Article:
Part two of a three-part series reflecting on the Islamic State group (ISIS). The author is an MCC worker in the region, whose name is withheld for security reasons.
After understanding comes repentance. And there is much of which to repent. The roots of ISIS are tied up with a hundred years and more of Western colonialism. This is important because ISIS draws support from its self-identification as an anti-colonial movement, rolling back the system of nation-states established by Western powers in the Middle East after World War I.
Despite its abiding relevance, this earlier period of colonialism is nothing compared with more recent U.S.-led military intervention in the region. The events of the Iran-Iraq War, the First Gulf War, the sanctions regime, and the 2003 invasion and occupation of Iraq, are too long to be detailed here.
One way of telling the story is this: the U.S. propped up a dictator, then sanctioned his regime, hollowing out the nation, and finally shattered the remains of the state, turning Iraq’s population against both itself and the ensuing U.S. occupation. ISIS was born out of this long story of destruction, incubated in the chaos of the Syrian Civil War, and grew to maturity wreaking havoc on the remains of Iraqi society.
All these events, down to the unfolding present, constitute one of the most sustained and brutal unravelings of a society that the modern world has yet seen. And while the problems of Iraq, and the region, are not entirely the fault of the United States and the West, we, whether ordinary citizens or not, are implicated deeply in this history of destruction.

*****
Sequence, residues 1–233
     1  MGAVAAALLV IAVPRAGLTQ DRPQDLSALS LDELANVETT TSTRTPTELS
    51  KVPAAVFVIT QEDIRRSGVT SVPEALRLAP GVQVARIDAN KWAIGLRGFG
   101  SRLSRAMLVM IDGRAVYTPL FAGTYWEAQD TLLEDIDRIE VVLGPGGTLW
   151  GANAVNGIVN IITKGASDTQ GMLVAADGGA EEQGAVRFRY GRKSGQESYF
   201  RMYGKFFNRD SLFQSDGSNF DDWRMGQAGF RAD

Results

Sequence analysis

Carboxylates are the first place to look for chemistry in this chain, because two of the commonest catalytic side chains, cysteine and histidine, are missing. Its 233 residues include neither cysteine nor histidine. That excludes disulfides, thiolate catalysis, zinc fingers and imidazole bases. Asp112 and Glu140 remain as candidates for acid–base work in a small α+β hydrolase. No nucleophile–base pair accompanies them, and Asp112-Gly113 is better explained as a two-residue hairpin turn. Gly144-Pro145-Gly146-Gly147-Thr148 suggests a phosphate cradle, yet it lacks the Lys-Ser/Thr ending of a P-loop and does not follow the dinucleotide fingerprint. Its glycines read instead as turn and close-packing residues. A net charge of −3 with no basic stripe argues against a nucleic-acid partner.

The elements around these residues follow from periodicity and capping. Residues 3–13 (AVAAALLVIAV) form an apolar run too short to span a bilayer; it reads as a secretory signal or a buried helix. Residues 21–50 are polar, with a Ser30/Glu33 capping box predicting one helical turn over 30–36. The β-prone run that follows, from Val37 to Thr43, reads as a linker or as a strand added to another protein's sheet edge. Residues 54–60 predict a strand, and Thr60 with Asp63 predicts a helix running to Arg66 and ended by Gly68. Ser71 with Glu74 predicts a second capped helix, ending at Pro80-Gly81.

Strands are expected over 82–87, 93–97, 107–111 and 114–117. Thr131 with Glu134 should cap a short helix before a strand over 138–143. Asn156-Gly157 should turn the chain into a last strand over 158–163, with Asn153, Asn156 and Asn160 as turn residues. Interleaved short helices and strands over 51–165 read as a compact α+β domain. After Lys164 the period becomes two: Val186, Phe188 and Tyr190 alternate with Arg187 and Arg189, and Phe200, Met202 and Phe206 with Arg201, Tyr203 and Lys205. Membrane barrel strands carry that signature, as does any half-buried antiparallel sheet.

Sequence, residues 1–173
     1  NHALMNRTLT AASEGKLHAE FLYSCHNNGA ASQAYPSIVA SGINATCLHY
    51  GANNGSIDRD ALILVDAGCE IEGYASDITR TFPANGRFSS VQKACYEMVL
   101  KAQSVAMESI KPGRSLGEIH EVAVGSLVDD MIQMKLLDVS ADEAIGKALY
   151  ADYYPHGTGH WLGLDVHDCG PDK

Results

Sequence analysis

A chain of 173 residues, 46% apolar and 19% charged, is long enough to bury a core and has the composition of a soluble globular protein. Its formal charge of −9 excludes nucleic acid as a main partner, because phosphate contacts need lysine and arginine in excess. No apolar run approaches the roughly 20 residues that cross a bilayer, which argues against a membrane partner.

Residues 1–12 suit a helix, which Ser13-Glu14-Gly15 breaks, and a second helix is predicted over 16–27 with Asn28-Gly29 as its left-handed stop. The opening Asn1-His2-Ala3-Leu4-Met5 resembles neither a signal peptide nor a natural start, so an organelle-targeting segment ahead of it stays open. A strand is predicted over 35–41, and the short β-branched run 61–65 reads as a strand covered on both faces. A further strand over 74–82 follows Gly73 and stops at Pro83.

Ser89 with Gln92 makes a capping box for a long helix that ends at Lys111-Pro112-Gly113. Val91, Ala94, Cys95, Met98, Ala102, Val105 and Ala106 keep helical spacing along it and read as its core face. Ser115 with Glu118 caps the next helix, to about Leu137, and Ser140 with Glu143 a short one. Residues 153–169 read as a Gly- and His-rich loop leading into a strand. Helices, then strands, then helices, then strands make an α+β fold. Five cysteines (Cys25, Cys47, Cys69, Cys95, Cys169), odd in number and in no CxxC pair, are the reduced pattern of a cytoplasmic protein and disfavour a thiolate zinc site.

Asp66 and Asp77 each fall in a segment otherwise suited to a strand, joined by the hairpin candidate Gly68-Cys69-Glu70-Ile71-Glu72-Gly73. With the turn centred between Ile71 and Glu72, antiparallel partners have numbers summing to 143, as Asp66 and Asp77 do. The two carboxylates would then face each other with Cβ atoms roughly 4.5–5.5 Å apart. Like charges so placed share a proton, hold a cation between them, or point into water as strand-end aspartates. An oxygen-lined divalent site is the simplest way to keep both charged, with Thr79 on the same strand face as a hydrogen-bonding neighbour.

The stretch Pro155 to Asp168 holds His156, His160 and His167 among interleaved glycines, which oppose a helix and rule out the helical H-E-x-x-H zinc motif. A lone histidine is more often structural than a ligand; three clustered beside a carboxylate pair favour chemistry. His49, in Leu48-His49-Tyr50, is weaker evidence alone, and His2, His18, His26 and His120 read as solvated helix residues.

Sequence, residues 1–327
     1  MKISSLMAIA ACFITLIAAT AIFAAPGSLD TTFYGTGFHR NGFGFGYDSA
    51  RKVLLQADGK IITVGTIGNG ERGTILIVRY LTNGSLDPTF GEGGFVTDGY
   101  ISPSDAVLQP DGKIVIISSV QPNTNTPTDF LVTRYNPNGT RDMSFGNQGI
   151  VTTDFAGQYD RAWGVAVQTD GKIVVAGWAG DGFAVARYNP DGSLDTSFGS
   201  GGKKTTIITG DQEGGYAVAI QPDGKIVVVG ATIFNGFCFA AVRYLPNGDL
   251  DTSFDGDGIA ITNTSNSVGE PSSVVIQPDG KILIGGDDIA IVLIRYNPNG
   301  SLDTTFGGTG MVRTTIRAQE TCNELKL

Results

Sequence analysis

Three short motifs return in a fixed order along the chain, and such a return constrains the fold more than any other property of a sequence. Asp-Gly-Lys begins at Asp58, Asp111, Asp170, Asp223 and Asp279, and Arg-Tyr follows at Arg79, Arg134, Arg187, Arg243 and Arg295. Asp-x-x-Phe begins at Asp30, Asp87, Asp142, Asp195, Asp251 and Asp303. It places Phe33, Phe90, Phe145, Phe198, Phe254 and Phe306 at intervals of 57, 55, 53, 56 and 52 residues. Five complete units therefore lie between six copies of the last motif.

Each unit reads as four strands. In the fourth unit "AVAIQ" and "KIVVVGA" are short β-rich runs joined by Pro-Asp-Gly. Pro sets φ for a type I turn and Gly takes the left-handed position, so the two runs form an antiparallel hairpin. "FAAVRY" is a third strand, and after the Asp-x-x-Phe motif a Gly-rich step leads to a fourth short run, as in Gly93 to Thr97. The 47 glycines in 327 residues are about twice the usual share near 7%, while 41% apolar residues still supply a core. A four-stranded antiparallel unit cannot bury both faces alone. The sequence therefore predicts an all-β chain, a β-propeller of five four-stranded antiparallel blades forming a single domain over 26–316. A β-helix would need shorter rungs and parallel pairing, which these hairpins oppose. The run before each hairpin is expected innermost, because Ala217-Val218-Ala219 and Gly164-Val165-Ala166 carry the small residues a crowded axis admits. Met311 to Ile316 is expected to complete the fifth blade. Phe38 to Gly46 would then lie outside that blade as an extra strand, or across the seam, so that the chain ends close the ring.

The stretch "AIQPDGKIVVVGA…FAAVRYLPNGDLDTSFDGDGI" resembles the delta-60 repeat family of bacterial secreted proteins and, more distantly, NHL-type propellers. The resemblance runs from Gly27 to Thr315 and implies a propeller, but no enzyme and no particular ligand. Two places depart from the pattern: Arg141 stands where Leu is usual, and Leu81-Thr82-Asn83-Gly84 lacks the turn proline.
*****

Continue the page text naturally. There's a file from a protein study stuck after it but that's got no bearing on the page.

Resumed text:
If we fail to recognize this, we will certainly fail to see that U.S. colonial adventures are not over. Western governments continue raising up militias, raining death from the skies, and pouring weapons into this free-for-all war zone that stretches from the Mediterranean Sea to the Iranian border.
But the grip of the colonialism that helped to create ISIS extends even to our own thinking. There are the obvious, harmful tropes about Islam, violence, and democracy. There are also more subtle assumptions about who our “partners” are in the region—best exemplified by the media portrayals of Kurdish groups.
Despite vast differences among them, Kurdish groups in Iraq and Syria have been repeatedly portrayed as the one group that has the capacity to both win against ISIS and pursue democratic norms. Kurds are portrayed as more Western in their attitudes toward religion, democracy, and gender.
Setting aside the (debatable) accuracy and uniformity of these assumptions, this crudely boils down to “the Kurds are the good guys because they are like us.” More disturbingly, it reinforces latent notions of religious, racial, and cultural superiority over Muslim societies and Arabs in particular.
Most importantly, it leaves the media free to ignore particular problems of governance among them, from coups and corruption to autocracy and charges of ethnic cleansing. In some areas, our colonial mindset may thus re-enact a tired, poisonous script—the U.S. will destroy a repressive regime by creating others in its place.
ISIS is dangerous, particularly to Christians in the U.S., because it enables us to hide these sins from ourselves; ISIS makes us think war is simple again.